WASHINGTON, D.C. — Quick. Pop quiz. And no cheating. Are there more black men in college or in jail? Janks Morton, a new movie director, is willing to bet you got the wrong answer. Although he thinks the very nature of the question is an “abomination,” he wonders: Would that same question be asked so often of any other race in America? The very premise of the question, he said, leads to faulty science. But the question is insidious, like the images that have seeped into the public psyche so deep that many black people themselves don’t get the answer right.
Morton poses the question while sitting in a restaurant seven hours before his movie, “What Black Men Think,” premieres in Washington, D.C.
He turns to three black men at a table behind him.
“Quick question: Are there more black men in college or in jail?”
Man in green shirt: “Jail.”
Man in brown shirt: “Jail.”
Man in blue shirt. “Jail.”
Morton calls over the waiter: “Hey, R.J.! Are there more black men in college or in jail?”
The waiter ponders the question, turning it as if he were inspecting a utensil. “I believe … in jail.”
Morton: “Now let’s ask some women.”
Woman in pink pearls: “I don’t know. I would say jail.”
Wrong, wrong, wrong, Morton said. There are more black men in college than in jail.
In 2005, according to the Census Bureau, 864,000 black men were in college. According to Justice Department statistics, 802,000 were in federal and state prisons and jails, Morton said. Between the ages of 18 and 24, black men in college outnumber those incarcerated by 4 to 1. Still, the idea that the opposite is true stems from an image that has been perpetuated, Morton said, by the government, the media and the black leadership. “I’m worried about us and what we think about ourselves,” he said.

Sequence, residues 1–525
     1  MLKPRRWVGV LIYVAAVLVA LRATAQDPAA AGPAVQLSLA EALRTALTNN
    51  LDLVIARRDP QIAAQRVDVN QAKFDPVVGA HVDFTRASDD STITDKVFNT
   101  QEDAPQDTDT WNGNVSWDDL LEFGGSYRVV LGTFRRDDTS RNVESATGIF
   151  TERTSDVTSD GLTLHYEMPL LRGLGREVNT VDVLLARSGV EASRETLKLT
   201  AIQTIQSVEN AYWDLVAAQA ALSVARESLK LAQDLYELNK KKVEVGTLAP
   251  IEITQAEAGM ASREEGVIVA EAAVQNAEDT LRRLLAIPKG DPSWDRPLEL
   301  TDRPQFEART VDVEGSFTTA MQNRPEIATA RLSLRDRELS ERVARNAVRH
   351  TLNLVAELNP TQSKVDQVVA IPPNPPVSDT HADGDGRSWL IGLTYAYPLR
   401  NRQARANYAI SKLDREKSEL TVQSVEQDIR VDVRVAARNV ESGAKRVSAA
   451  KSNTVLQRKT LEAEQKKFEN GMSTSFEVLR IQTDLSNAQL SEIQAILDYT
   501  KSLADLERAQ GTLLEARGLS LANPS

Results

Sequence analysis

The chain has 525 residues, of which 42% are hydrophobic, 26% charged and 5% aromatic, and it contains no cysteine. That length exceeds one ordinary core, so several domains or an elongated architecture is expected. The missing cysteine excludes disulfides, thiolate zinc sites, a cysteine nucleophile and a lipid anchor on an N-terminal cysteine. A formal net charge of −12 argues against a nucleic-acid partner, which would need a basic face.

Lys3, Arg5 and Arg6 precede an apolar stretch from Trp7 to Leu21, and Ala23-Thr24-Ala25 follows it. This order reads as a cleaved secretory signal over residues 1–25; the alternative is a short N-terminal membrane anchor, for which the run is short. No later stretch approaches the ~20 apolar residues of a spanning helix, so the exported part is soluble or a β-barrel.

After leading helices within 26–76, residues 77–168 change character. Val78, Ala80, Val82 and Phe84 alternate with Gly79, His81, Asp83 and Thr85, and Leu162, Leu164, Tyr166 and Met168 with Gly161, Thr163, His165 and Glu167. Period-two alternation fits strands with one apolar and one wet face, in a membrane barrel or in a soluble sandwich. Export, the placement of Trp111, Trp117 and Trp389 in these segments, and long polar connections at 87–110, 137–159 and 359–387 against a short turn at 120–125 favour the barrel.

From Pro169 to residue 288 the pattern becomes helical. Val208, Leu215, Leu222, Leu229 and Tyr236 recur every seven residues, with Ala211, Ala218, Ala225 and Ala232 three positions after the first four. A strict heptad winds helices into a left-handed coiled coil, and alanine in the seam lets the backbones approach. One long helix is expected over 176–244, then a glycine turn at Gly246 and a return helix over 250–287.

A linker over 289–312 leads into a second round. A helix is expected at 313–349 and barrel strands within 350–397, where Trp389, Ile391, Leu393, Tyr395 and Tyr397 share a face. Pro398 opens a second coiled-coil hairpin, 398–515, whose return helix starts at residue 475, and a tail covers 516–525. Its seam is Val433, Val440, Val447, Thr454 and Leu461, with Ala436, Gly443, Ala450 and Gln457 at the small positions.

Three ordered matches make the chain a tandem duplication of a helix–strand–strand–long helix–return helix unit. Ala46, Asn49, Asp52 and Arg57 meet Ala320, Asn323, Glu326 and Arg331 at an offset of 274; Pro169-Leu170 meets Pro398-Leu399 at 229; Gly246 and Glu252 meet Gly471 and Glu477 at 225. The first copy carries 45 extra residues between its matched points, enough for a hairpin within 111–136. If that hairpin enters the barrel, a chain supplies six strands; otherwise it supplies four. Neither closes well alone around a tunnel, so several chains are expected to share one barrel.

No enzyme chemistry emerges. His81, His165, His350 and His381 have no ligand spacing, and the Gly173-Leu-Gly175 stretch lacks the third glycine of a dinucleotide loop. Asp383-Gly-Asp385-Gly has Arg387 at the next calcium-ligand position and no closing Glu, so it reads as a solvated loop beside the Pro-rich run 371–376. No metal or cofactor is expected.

That is the point of Morton’s documentary, which was released on DVD last week. The film, which cost him $7,000 to produce, explores the stereotypes and statistics that label black men, families, women and children. “This project, top to bottom, is all me,” Morton said. “With the new digital capacity, we have an ability to drive demand without relying on other people. I assembled, I edited, scored the whole thing in my house. That wasn’t feasible five years ago.”
The film sets out to debunk stereotypes that he said have been perpetuated for so many years that they have struck the black community to its core. Stereotypes that have insulted, demoralized and humiliated. That have left others intimidated by black boys and black men. The “docu-logue” is in a style akin to Michael Moore’s, with interviews of black intellectuals. It’s infused with graphics, historical footage of Martin Luther King Jr. and Malcolm X and provocative moments, such as black women calling black men dogs.